Archive for the ‘Abbas Kiarostami’ Category


“طعم گيلاس” / “Taste of Cherry,” dir. Abbas Kiarostami

October 10, 2009
Mr. Badi (Homayoun Ershadi)

Homayoun Ershadi (Mr. Badi) in "Taste of Cherry"

When I first saw this, I was bored and completely baffled as to what Kiarostami hoped to accomplish. After watching his other films, his ideas and methods finally took hold.

Whenever a filmmaker makes a choice in storytelling, it usually involves reaching out to the audience and taking control. At worst, it’s manipulative, just pushing the right buttons, but even done with a light hand, it’s still invisibly guiding the audience’s sympathies and emotions.

For Kiarostami, this creates an ethical dilemma, one that informs the conscience of his work as well as his style, and here, he inverts the conventions of filmmaking. There are a few exceptions (such as one late scene that tantalizes us with a potential reversal in the plot), but otherwise, Kiarostami deliberately avoids anything that smacks of manipulation; his choices in composition and editing generally do not nudge the viewer in any clear cut direction.

Active participation is a necessity, but it’s not meant to be alienating or challenging in an elitist way. What’s needed is immersion. There is no plot to unravel (we’re never given a concrete reason as to why Mr. Badii is trying to commit suicide), and this isn’t about sympathizing or grieving over a man’s choice to kill himself. Kiarostami provides only a skeletal framework, and to flesh it out is to figure out what it means for someone to be untouched by life, by surrounding beauty and to feel only a need to die.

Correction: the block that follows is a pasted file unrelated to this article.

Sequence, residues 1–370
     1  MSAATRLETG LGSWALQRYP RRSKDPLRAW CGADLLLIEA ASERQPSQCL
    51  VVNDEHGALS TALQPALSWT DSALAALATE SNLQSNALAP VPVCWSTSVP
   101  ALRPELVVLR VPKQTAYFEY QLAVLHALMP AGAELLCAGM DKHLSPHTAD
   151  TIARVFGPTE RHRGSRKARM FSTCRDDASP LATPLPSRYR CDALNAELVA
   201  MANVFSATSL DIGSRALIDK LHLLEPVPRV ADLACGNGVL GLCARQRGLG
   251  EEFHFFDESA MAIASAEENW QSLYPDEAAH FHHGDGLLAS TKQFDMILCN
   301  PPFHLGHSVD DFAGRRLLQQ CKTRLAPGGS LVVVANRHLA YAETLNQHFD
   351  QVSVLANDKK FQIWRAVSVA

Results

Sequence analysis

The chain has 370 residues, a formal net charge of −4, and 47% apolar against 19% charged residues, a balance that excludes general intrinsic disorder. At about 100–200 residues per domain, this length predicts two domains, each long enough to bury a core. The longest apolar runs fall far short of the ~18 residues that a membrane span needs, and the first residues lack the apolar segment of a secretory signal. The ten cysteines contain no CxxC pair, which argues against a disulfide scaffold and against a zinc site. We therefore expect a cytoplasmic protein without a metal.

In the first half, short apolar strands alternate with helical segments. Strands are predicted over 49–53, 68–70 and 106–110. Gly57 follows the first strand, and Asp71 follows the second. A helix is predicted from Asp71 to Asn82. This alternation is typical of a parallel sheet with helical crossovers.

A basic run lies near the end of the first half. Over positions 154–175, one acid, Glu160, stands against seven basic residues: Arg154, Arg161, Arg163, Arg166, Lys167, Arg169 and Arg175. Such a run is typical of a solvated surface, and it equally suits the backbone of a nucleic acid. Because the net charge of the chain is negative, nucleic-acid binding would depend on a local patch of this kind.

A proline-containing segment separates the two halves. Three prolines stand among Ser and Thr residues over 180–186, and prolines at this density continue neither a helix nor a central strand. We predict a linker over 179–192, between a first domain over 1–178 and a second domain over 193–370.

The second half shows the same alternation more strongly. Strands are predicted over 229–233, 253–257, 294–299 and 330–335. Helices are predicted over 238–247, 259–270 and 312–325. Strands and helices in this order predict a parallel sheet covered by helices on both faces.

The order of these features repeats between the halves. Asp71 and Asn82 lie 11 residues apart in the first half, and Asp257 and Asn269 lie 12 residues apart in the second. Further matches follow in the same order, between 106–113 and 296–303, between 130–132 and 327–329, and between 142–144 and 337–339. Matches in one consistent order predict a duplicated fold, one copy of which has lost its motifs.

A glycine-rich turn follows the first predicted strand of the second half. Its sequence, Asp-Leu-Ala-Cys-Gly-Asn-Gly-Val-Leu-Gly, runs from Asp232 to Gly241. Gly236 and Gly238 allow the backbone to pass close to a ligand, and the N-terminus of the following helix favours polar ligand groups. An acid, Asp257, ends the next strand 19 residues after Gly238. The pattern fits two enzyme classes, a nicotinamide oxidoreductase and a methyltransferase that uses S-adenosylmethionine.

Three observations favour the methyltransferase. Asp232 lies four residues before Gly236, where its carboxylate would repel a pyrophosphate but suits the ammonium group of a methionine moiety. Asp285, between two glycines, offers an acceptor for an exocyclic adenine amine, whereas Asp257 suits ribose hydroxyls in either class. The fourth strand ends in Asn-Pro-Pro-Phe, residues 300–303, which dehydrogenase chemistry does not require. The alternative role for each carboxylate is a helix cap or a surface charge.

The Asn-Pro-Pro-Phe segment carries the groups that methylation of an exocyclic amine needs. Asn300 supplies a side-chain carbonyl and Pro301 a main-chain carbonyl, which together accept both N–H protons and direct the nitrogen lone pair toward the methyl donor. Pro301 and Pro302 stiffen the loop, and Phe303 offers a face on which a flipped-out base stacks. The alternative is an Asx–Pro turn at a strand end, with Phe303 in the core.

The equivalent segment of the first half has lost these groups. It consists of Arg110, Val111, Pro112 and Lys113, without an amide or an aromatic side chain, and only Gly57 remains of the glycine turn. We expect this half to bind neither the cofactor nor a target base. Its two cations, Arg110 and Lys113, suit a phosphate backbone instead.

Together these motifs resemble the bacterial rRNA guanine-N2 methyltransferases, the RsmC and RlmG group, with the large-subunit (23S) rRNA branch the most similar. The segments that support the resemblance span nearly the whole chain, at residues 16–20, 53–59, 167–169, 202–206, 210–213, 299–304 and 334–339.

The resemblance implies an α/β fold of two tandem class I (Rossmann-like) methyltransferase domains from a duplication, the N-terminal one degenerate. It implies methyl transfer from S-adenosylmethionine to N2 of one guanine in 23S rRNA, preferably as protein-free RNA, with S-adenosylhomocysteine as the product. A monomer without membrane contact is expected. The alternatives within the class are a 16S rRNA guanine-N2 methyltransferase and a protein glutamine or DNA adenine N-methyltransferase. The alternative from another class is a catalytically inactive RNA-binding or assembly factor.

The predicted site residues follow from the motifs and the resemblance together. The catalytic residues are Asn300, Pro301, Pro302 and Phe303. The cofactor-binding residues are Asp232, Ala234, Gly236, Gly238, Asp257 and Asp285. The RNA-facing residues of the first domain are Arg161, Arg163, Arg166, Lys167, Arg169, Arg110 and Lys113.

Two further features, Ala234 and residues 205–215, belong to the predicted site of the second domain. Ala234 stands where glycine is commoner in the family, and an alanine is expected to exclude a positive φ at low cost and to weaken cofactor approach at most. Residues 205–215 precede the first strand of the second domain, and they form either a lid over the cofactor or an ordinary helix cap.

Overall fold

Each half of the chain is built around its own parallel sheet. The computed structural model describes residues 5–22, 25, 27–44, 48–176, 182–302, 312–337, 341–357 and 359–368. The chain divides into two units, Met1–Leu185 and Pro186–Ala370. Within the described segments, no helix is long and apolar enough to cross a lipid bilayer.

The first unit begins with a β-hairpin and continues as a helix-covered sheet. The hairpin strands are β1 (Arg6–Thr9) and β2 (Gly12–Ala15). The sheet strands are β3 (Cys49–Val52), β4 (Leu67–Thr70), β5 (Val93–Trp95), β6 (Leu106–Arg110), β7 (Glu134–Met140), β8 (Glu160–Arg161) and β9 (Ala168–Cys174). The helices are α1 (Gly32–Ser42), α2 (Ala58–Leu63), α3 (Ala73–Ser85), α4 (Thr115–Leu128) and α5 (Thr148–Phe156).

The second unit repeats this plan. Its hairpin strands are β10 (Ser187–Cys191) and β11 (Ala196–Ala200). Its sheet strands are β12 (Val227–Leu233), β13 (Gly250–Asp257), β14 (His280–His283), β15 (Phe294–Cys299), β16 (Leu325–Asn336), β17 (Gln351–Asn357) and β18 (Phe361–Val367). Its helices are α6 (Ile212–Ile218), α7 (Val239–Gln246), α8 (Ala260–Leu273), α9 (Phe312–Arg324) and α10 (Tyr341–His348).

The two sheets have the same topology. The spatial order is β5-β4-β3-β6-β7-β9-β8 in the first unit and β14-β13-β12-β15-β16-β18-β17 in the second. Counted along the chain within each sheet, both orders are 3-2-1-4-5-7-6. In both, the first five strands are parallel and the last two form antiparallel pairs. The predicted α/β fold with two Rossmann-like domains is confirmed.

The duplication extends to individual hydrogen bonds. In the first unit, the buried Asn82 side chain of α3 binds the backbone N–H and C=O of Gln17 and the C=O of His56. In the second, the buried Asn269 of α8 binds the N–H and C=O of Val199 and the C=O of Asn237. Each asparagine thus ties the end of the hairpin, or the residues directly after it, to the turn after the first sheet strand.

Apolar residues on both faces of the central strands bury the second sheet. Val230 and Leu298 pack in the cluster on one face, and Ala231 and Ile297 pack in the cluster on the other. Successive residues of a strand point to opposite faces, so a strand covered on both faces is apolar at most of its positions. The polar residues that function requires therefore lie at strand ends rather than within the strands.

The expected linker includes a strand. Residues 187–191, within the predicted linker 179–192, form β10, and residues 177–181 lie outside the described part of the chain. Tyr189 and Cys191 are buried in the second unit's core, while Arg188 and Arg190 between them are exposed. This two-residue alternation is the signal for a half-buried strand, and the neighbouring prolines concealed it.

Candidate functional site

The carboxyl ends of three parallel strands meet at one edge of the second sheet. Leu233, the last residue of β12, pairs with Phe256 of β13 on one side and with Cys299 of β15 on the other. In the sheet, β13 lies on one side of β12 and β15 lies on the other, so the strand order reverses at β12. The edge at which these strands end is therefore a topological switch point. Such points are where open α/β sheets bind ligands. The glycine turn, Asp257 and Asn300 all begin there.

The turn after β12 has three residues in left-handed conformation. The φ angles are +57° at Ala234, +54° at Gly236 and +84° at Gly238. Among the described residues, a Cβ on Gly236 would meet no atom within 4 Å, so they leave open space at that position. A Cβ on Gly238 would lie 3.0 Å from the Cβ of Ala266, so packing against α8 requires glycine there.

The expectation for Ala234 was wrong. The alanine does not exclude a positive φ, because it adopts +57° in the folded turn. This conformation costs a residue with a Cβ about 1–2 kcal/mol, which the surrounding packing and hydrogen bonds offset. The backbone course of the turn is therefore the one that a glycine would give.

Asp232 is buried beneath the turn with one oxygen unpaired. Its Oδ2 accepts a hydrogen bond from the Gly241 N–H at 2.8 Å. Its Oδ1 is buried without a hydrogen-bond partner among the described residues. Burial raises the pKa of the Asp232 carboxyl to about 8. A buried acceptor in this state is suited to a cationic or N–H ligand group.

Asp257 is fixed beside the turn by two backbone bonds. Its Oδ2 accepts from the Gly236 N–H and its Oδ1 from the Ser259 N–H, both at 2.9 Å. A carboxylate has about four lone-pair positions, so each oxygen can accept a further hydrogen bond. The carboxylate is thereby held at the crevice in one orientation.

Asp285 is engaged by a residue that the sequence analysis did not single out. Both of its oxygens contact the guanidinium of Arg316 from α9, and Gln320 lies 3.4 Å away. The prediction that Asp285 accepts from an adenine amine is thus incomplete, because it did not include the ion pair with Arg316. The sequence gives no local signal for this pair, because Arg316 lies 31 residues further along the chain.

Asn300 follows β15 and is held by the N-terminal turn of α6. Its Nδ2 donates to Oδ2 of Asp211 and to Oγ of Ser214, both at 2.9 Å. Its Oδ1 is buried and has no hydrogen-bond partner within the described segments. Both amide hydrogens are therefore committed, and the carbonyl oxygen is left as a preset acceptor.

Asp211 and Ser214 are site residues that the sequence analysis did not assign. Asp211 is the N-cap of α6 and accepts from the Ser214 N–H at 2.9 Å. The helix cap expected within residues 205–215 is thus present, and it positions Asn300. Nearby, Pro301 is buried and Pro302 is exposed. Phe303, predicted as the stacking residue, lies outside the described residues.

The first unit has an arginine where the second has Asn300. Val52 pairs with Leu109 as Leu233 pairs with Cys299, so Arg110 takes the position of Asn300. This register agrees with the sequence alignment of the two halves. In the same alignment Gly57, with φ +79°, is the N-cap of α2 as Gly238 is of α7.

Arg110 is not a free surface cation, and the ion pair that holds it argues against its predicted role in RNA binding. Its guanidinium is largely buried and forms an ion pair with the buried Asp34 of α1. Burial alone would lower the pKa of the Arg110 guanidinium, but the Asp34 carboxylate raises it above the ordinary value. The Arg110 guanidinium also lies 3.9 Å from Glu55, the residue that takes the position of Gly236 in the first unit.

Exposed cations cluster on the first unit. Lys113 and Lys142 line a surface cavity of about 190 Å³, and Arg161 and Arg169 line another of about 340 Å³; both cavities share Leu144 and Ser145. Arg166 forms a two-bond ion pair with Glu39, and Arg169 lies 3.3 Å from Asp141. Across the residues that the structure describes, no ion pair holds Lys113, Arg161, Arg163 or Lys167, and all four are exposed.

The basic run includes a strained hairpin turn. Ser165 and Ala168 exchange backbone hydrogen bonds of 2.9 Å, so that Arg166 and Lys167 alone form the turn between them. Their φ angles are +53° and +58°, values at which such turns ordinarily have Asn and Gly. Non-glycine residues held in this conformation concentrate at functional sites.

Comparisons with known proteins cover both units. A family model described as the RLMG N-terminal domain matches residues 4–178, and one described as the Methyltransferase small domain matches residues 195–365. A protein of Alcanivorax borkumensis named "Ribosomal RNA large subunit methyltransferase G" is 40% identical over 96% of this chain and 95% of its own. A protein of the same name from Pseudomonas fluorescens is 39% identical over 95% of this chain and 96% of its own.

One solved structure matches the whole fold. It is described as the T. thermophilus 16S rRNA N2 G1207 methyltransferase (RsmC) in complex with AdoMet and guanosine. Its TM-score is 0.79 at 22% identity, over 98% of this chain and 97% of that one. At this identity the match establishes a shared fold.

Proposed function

With this morbid concept in mind, what otherwise seems mundane or opaque becomes incredibly evocative. It’s often subtle, like the way debris from a labor site suddenly disrupts a motionless shot, trickling down a hillside as Badii watches on. But a few striking instances do call attention to themselves: at the same labor site, Badii’s shadow is seen on a cascade of earth pouring down a grate, and the shape of his figure ripples like it’s in a constant state of disintegration even though it remains intact.

Most people generally avoid the questions at the heart of this picture, and the evasiveness one would expect from any viewer is reflected in the strangers’ unwillingness to assist Badii in his suicide (a fairly minimal task, mostly to confirm his death). One person, a soldier, flees. Another, a religious student, falls back on his faith. A third tries to relate through his own past experience but finds only a superficial resemblance.

When Badii completes his attempt, we’re literally left in the dark regarding his success. That’s when Kiarostami ends the picture with a clear reminder that all of this is fiction. Granted, it did get the film around Iran’s exhibition board, but the ending is far more than a practical necessity. Pulling the film from the brink of manipulation, the final sequence stays true to the film’s original intent, allowing one to walk away with a real lesson in spiritual renewal and not a sense of fabricated despair.

"Taste of Cherry"